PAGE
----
… but it just doesn’t come together well because of the execution. The opening episode again left me confounded as it was trying to introduce so much, and to do it with a great deal of style. But that makes it a lot to take in and with it working its own logic and especially style because of the theatricality of Circus, it comes across as a whole lot more style than substance. Particularly since a lot of the characters within Circus never feel like they get fleshed out enough, try as they might from time to time with one or two of them, and even Gareki and Nai feel underserved. Nai more so though because Gareki actually gets a few episodes very early on here to explore his origins and previously unknown connection to Circus. With a death in the “family” that he was with that happened after he left, going back and discovering what’s going on puts him on the outside but it also reveals the pain he inflicted. It’s a decent bit of foundation material for him that he has to deal with, but it runs for too long and with it being dealt with in the present, it comes across as simply too convenient.
The show works a few action events after that as we see both Gareki and Nai spending time on one of the Circus Airships and seeing some of the competitive nature with how those on the other airship are, but it’s a lot of characters brought into play on top of a world that’s normal but not which in turn ends up leaving you feeling disconnected from it all. There’s a lot of little threads worming through this, especially with the leaders within it, but it feels like it’s working towards the bigger storyline material from the manga that won’t factor into events here. Which isn’t an unsurprising thing to do, but it hampers this series from really feeling cohesive or that this opening storyline for it is engaging enough to watch on its own, particularly with its hugely anticlimactic ending that left me just wondering if we really had an ending.
While the story didn’t draw me in much nor did the characters, there’s a lot to love with the visual design of it. The character designs are very male heavy as we get only one or two female characters of note and even then they’re barely supporting characters. And what we get with the male characters is very strong in the design department, both in looks and costume design. With the rough and tumble side of Gareki and the simple side of Nai, we get something that’s accessible and decent, but it’s the Circus folks that get to have a lot of fun with their designs. All of it ties into some slick animation throughout, which was practically a given from animation studio Manglobe, and it really does making the experience of watching the show a treat because it has such excellent production values.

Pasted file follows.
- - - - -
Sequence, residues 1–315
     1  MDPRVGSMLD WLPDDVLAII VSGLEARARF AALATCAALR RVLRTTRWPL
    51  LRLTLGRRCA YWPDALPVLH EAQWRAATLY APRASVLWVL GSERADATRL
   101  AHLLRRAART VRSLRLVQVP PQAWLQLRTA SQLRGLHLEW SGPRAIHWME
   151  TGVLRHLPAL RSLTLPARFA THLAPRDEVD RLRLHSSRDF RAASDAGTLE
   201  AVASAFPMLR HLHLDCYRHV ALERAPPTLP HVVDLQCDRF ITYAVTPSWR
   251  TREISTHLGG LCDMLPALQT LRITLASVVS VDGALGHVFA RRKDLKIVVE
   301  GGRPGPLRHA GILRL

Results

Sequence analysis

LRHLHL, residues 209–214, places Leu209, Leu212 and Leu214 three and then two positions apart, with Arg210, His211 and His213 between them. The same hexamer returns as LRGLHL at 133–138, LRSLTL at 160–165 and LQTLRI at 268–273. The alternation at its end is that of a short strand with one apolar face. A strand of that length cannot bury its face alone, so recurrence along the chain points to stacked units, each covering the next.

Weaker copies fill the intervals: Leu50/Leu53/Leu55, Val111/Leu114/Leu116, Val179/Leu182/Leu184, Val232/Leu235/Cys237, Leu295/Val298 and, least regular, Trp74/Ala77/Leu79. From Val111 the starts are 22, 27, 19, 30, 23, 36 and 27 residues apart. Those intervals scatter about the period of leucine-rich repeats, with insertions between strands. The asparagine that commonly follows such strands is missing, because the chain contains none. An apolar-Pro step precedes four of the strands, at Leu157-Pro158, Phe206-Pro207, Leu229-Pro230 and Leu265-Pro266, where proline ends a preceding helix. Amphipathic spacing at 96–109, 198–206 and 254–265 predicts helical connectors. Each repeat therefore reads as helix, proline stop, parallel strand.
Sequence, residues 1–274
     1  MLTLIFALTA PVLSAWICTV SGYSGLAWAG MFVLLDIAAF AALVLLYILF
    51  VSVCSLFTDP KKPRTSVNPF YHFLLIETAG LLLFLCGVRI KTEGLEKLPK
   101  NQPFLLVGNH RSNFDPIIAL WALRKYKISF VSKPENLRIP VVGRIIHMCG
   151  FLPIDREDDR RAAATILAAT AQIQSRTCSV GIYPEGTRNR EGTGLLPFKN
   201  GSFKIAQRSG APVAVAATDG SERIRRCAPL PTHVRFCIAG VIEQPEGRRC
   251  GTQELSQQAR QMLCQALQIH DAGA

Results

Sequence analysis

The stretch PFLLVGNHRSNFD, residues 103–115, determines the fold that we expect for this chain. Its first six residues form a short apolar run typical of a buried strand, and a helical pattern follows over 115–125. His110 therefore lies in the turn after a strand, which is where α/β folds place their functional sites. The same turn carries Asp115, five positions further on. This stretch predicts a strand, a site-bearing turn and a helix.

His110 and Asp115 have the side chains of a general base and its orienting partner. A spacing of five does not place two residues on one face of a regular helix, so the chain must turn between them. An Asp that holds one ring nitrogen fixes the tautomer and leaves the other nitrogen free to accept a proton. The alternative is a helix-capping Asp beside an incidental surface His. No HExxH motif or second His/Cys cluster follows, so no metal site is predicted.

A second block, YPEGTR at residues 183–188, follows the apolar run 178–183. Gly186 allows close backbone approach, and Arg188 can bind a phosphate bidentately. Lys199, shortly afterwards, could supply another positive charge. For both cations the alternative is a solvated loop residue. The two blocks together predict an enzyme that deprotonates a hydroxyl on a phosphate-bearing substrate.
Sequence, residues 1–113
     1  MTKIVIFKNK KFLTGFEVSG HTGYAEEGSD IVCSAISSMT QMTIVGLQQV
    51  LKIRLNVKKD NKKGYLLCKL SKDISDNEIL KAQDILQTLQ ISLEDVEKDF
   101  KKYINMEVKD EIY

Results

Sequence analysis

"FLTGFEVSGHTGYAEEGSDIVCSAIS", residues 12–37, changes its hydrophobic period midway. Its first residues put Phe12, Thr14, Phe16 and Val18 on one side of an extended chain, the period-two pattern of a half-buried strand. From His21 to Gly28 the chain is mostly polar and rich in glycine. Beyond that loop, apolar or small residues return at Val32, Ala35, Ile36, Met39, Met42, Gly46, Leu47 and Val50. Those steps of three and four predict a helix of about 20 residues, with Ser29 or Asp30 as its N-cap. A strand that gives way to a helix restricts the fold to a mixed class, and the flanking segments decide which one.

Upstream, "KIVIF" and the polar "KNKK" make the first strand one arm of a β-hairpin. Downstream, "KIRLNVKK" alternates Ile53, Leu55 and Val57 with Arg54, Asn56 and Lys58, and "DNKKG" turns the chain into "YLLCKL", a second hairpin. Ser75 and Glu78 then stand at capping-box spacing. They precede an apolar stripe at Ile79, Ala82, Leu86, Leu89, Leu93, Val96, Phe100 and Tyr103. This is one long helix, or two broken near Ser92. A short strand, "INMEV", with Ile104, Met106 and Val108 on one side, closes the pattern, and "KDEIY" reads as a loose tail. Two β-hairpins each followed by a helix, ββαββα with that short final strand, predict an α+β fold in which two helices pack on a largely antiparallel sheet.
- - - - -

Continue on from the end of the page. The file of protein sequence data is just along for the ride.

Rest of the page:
Karneval offers up a very appealing package on just about all counts with the packaging, the presentation, the animation and the designs. But it falls short a whole lot when it comes to story execution. It’s an interesting idea with the setup of it all and the world, but the way it’s introduced and maintained never felt like it connected well or came together in a way that made sense. Even more so because the characters have so little going for them in their back story or connection in the present. It is largely focused on Gareki and Nai, but even they felt like they were almost secondary characters a lot of the time – and that there were no lead characters. That doesn’t mean that it was an ensemble show but rather that we had no strong connection to what was going on. And that does hamper it as it goes on because you feel less and less connected to it. The show has a lot to offer in a lot of areas, and fans of the show will love the presentation overall and the work on the English language adaptation, but it was a difficult watch for me that simply never came together well.
Japanese Dolby TrueHD 2.0 Language, English DTS-HD MA 5.1 Language, English Subtitles, Actor Commentaries, Textless Songs, U.S. Trailer
Content Grade: C-
Audio Grade: B+
Video Grade: B+
Packaging Grade: B+
Menu Grade: B
Extras Grade: B
Released By: FUNimation
Release Date: June 10th, 2014
Running Time: 325 Minutes
Video Encoding: 1080p AVC
Aspect Ratio: 1.78:1 Widescreen
Sony KDL70R550A 70″ LED 1080P HDTV, Sony PlayStation3 Blu-ray player via HDMI set to 1080p, Onkyo TX-SR605 Receiver and Panasonic SB-TP20S Multi-Channel Speaker System With 100-Watt Subwoofer.